The controversial referendum in Turkey on Sunday, did not meet international standards, reported by a group of election observers who have acted on behalf of the Organization for Security and Cooperation in Europe, OSCE, and the Council of Europe Parliamentary Assembly, PACE.
– Unequal conditions prevailed during the referendum campaign and the two parties did not have equal opportunities, says Cezar Florin Preda at the OSCE.
With 51.3 percent of the vote, the “Yes” vote campaign has won Turkey’s historic April 16 referendum on a new political system giving enormous centralized power to the president of Turkey. The campaign took place in a climate of unprecedented political repression. The president and government controlled the media, dominated the public sphere, and ensured that critical journalists and leaders of the pro.Kurdish parliamentary opposition were jailed. The main opposition parties are contesting the results of the referendum on the grounds that Turkey’s Higher Election Board issued a controversial ruling on referendum day to accept ballot papers not bearing official stamps.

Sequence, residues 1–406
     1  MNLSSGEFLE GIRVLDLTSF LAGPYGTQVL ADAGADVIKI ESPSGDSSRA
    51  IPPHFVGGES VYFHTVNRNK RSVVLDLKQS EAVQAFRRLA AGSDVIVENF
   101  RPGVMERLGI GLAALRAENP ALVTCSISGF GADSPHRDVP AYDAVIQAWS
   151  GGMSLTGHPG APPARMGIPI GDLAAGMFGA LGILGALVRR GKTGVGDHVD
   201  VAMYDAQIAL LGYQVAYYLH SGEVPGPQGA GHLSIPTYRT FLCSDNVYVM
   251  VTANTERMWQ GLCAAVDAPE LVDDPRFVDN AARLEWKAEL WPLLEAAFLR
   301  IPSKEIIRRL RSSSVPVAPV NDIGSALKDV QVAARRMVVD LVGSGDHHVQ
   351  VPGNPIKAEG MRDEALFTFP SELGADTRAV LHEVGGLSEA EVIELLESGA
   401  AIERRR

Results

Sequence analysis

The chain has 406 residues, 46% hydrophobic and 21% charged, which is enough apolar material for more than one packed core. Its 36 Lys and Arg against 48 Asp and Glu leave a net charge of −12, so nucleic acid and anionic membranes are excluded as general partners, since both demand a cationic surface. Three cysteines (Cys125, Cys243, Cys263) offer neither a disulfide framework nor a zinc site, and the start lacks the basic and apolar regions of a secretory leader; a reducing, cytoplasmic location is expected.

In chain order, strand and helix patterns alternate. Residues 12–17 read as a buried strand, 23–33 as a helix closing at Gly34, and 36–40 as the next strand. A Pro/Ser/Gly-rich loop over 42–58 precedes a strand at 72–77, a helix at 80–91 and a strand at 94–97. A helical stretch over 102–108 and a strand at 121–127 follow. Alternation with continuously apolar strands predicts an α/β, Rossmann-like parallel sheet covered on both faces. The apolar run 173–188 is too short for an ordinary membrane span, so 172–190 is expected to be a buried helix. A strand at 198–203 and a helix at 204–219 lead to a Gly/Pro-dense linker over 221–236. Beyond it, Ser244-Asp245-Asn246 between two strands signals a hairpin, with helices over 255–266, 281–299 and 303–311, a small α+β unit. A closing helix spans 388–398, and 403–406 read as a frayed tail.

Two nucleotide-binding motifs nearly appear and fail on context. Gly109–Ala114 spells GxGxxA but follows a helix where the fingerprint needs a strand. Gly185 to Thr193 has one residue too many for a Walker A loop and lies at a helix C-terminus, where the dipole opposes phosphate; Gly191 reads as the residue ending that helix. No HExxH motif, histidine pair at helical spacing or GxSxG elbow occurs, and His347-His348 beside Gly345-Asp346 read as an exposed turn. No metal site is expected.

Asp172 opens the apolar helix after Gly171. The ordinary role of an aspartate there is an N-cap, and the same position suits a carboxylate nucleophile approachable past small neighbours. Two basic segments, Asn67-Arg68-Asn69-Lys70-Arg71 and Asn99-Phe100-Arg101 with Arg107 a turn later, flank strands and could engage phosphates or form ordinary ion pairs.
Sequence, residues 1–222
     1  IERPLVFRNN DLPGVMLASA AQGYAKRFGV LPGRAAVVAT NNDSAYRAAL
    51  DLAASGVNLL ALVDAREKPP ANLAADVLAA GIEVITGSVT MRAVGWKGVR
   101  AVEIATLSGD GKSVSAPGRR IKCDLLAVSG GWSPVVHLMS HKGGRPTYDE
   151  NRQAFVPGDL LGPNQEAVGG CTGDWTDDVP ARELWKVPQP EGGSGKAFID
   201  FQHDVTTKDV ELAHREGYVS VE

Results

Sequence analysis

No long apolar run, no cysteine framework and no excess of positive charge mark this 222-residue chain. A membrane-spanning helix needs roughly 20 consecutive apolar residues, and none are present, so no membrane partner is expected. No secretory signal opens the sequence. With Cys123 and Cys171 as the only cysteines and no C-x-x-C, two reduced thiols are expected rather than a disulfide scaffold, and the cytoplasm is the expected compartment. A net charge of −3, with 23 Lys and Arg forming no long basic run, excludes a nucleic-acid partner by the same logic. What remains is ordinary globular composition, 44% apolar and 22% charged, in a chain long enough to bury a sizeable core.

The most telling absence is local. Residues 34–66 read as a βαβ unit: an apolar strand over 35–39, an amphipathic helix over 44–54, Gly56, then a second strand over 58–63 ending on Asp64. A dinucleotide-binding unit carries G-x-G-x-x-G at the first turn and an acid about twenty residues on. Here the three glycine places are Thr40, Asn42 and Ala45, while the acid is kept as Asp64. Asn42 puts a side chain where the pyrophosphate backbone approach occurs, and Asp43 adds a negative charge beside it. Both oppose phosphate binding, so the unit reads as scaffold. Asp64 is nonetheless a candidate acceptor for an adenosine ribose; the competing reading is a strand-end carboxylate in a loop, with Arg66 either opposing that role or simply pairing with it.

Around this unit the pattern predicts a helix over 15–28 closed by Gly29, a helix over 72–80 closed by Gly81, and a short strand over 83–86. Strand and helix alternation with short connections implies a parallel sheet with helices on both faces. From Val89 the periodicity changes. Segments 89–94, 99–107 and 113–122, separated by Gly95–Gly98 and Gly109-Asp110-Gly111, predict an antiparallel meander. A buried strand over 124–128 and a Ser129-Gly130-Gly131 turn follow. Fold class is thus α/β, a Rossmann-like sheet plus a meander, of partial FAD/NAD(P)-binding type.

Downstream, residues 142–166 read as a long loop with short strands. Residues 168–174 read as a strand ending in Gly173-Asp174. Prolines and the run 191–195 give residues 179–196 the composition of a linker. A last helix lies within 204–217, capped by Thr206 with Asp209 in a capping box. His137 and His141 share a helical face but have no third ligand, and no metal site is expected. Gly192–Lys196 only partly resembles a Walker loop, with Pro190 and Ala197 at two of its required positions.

In his first victory speech to his supporters on Sunday night President Erdogan referred to plans to reintroduce the death penalty, a repeated theme throughout the referendum campaign. Its reintroduction would be another disastrous step away from human rights norms for Turkey, according to humans rights watch.